Wood Prairie Seed Piece
            e-Newsletter
             Organic News and Commentary
              Thursday, September 1st 2016
                       Volume 24 Issue 15


                                                  

 In This Issue of The Wood Prairie Seed Piece:



    The Work of Individuals.

     September Means Fall is Here and Potato Harvest is Not Far Away.  All of a sudden it’s September and we’re now looking towards “Digging” – Aroostook County’s unpretentious term for Potato Harvest.  We’re one of the last areas in the United States where our seventy-year-old tradition of closing schools down in the Fall continues.  This practice allows students to help get the Maine potato crop harvested and safely under cover.
      Two weeks from today schools will begin their Harvest Recess and that’s when – because our two daughters are still in school - we’ll have our full crew and we’ll begin to dig. 
     Our Spring crop of Organic Hull-less Oats has matured and is almost dry enough to harvest.  We do that job with our Massey –Ferguson 300 combine.
     Unlike southern Maine and southern New England - which have been hurt this Summer by a blistering drought - Northern Maine has received plenty of rain: 8.5” in August, 5” in July and 3” in June.  We hope that our rainy Summer means our weather will shift to dry harvest conditions.  From our perspective, a drought at Digging means good harvesting conditions.
     In this issue of the Seed Piece we have a story of potato harvest Idaho-style.  Plus, we include stories of two people whose actions have had a lasting impact on the place we call Maine. Do have a look!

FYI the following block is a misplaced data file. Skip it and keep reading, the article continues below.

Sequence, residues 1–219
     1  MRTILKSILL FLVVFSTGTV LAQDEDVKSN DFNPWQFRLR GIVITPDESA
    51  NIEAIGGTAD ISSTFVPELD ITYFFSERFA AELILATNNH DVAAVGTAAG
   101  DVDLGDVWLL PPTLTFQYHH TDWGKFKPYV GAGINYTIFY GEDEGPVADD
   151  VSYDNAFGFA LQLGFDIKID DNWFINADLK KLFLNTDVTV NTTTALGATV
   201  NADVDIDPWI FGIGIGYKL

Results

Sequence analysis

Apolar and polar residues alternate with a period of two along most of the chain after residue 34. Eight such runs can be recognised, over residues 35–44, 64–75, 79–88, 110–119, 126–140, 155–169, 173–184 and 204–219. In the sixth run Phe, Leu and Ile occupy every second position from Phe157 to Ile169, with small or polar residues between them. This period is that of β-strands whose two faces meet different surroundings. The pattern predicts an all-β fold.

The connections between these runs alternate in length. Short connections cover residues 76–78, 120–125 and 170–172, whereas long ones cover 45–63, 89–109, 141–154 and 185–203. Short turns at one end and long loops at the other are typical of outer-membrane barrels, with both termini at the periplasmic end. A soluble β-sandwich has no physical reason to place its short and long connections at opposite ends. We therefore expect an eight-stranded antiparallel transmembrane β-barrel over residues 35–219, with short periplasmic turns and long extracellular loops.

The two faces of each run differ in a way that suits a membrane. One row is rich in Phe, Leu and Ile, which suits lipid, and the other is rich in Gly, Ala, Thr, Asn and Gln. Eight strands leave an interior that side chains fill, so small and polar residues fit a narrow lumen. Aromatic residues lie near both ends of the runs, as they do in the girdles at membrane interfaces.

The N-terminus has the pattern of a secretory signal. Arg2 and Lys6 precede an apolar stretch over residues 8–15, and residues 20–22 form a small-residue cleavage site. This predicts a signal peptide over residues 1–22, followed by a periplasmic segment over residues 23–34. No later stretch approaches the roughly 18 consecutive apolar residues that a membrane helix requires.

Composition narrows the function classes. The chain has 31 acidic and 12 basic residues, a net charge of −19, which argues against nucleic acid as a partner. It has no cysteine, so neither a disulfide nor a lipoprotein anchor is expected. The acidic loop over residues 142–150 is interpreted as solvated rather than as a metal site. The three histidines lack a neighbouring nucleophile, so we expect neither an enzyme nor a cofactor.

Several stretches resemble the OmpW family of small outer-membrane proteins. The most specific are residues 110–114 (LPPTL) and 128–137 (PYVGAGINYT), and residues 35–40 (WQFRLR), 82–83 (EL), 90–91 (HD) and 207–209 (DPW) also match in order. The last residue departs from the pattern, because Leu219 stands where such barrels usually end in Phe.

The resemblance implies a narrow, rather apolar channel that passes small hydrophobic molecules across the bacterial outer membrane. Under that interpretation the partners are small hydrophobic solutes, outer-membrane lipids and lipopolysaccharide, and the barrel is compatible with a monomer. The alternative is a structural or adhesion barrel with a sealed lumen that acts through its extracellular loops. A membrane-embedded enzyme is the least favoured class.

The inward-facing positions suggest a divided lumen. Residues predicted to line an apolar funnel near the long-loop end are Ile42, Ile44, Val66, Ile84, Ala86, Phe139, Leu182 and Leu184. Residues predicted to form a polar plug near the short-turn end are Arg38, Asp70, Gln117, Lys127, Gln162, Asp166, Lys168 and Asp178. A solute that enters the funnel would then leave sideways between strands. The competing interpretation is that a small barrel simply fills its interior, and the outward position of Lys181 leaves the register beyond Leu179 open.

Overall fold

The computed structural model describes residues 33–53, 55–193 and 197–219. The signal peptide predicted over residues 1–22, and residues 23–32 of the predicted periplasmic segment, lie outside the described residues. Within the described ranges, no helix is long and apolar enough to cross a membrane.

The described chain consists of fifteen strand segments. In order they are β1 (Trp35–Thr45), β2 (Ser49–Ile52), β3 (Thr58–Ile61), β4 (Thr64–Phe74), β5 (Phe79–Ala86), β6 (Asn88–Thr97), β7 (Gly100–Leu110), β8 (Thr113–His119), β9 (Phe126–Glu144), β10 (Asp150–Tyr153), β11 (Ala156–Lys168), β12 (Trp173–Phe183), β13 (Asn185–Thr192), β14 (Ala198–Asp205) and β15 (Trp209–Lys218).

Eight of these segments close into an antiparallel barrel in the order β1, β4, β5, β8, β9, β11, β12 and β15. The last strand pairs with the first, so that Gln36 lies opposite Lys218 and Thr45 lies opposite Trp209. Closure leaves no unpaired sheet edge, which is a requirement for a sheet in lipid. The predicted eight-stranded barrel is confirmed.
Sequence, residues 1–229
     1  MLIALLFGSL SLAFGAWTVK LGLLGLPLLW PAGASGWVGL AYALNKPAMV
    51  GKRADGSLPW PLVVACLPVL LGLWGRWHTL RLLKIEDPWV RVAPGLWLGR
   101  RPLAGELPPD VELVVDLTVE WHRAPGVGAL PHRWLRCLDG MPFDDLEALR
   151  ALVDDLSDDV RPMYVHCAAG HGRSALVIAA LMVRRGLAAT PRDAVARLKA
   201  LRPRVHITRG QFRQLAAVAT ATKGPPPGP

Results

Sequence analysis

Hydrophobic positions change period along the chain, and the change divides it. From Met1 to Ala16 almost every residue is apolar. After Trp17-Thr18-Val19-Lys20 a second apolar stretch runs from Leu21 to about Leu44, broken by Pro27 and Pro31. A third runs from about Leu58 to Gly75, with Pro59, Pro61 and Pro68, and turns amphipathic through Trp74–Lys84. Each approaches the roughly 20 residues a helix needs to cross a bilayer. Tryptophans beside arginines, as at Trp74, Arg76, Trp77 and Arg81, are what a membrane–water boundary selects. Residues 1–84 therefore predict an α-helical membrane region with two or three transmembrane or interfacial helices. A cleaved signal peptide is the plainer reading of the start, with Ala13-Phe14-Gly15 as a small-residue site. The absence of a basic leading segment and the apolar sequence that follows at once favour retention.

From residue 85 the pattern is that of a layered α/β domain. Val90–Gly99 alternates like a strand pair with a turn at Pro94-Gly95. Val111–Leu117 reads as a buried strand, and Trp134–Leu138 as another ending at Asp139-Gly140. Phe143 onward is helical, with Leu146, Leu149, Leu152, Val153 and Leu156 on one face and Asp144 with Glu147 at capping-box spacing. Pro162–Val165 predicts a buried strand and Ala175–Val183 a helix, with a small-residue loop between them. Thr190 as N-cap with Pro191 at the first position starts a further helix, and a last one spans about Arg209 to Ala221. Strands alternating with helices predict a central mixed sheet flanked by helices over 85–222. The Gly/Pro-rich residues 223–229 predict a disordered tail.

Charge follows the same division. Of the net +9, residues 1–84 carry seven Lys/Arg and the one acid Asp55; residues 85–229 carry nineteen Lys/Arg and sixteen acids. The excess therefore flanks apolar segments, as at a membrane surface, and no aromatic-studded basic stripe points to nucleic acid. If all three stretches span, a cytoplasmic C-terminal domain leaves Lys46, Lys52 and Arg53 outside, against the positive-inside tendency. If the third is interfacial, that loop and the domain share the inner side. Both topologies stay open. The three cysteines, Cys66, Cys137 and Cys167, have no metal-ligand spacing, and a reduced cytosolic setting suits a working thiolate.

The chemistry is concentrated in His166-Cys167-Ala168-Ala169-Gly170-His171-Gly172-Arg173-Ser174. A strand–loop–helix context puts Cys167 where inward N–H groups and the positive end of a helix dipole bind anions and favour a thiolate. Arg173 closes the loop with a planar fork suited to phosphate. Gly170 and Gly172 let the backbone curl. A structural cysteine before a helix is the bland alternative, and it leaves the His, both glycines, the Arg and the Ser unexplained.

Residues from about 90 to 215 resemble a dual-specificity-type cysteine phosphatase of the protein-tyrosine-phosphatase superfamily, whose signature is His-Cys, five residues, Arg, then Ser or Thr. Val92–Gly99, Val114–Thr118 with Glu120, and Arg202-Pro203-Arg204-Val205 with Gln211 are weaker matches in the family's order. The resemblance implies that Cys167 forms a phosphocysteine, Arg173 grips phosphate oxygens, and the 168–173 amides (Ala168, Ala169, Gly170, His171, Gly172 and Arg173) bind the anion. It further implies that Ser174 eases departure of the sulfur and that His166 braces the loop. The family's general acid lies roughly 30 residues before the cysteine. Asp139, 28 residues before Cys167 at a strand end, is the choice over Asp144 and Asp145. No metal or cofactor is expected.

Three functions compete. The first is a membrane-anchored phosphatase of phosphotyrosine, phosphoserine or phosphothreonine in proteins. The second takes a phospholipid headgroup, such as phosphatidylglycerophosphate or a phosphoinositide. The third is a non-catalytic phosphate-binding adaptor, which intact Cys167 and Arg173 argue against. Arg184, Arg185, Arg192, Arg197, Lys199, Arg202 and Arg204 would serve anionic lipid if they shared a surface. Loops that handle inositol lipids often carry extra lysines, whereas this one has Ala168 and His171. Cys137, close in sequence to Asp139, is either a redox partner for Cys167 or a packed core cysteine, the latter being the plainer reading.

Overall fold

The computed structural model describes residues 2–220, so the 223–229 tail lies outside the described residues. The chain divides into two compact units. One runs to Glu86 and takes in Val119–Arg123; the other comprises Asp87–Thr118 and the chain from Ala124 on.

Please keep an eye out for our new Harvest Catalog to arrive soon in your mailbox.



.
 Caleb, Jim & Megan Gerritsen & Family
 Wood Prairie Family Farm
 Bridgewater, Maine
Click here for the Wood Prairie Family Farm Home Page.

Capital Intensive Potato Harvest. Consolidation and industrialization has been the direction in recent decades.
Extraordinary Potato Harvest Video.

     There has been a lot of talk in recent decades about the unrelenting scaling-up going on in American agriculture.  There is more and more evidence of major harm this is causing to the fabric of rural America. This increase is scale is at least as pertinent to potato production as it is to other crops like corn and soybeans.

    Potatoes are a heavy weight crop (15-45 tons/acre) and capable of mechanization so there has always been an incentive to go big.  American ag has proven time and again that once the increase in mechanization begins, scale can go hog wild and the sky’s the limit.

    In that vain, we recently came across this remarkable You Tube video of the huge Taylor Farms potato operation in Idaho Falls, Idaho (4:28).  The aerial photography is pretty stunning.  So must be Mr. Taylor’s monthly equipment payments.

     In the Taylor Farms’ operation they “dig” sixteen rows of potatoes at a time.  This industrialized feat is accomplished with twelve John Deere tractors: eight hooked up to six-row windrowers and four more pulling Spudnik four-row harvesters.

     Here on Wood Prairie Family Farm, we’re content with our one-row Finnish Juko Potato Harvester.   This Fall will be our ninth year using it.  I think this is what’s called appropriate technology for our family-scale farm.